La Fatarella town hall
|• Mayor||Francisco Blanch Batiste (2015)|
|• Total||56.5 km2 (21.8 sq mi)|
|• Density||19/km2 (48/sq mi)|
One of the oldest buildings in La Fatarella was a Muslim watchtower in the site where the chapel of Mare de Déu of the Misericòrdia stands today. The name of the population is derived from the Arab name for "tower", although there are other etymological theories. They are no visible remains of the tower. From the point where it stood there is a commanding view of the Terra Alta and a magnificent panoramic view.
The Fatarella has irregular and winding streets that present an architectonic element locally known as perxes, which are sections of a street being covered by envigats, or stone arcs, that unite several houses. The origins of the Fatarella present town is medieval, as the facades of many houses show, having porticoes of stone with thresholds carved with different symbols and inscriptions.
During the Middle Ages the town was walled to offer protection for its inhabitants, mainly from brigands and wolves. The walls are between 80 and 120 cm in width. This defensive system continued until well into the 17th century, when the a population boom forced the city to expand beyond the walls. Nowadays, vestiges of these walls can still be seen, from which access doors on the enclosure can be deduced.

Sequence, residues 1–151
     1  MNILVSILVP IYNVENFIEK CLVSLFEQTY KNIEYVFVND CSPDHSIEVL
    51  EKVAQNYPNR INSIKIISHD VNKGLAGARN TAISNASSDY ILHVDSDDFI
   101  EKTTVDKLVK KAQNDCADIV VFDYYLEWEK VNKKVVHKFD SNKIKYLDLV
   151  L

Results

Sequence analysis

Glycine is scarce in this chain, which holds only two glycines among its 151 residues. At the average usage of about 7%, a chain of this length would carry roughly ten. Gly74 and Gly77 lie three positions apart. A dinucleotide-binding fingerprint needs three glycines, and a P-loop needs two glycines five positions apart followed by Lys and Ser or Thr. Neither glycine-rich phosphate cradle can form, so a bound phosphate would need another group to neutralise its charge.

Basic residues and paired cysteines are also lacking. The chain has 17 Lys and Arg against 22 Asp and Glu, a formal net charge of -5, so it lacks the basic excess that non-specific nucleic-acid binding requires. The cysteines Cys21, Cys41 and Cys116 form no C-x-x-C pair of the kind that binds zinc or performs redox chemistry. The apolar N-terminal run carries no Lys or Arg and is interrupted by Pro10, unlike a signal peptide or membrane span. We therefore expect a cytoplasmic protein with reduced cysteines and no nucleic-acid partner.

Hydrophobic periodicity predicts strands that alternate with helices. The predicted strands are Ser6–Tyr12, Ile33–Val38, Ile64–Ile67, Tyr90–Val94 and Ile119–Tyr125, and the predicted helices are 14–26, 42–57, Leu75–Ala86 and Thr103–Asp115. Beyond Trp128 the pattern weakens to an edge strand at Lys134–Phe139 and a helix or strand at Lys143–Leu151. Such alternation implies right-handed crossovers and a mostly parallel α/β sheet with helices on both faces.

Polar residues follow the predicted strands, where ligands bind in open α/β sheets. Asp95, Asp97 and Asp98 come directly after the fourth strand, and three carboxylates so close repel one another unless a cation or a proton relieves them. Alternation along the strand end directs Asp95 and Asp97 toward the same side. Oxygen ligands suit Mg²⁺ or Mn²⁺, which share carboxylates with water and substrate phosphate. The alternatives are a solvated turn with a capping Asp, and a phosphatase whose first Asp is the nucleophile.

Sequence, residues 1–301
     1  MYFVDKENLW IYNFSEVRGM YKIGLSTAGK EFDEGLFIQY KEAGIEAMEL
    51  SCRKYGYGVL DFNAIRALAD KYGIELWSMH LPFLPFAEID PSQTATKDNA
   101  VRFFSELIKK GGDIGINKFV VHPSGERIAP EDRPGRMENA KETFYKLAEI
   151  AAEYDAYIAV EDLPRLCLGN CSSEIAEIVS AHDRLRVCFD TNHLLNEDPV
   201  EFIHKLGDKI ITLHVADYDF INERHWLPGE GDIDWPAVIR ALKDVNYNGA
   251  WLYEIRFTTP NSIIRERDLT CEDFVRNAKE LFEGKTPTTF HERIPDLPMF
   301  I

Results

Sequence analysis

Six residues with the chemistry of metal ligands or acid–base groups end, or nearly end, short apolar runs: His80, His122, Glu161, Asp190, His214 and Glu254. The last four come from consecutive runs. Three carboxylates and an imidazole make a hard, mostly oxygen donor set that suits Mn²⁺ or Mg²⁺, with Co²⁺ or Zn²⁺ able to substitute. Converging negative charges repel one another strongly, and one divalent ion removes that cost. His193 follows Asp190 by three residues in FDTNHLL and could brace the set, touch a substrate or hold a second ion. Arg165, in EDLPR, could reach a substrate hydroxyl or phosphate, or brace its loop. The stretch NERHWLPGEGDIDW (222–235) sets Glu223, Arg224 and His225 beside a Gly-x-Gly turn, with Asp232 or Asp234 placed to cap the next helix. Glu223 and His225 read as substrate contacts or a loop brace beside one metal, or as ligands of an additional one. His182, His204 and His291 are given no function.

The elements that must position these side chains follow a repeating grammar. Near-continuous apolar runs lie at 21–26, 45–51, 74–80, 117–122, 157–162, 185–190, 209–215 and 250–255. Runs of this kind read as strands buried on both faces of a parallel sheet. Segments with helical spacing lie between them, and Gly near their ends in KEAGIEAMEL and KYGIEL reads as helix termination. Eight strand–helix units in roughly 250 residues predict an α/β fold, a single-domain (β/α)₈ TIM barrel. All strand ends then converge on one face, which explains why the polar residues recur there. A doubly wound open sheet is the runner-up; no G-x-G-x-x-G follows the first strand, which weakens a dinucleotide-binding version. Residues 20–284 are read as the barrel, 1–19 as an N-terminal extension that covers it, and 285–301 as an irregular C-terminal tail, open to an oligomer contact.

La Fatarella, especially neighboring Serra de la Fatarella mountain range, was one of the main scenarios of the Battle of the Ebro in the Spanish Civil War. A monument to commemorate the victims was erected in 2010.
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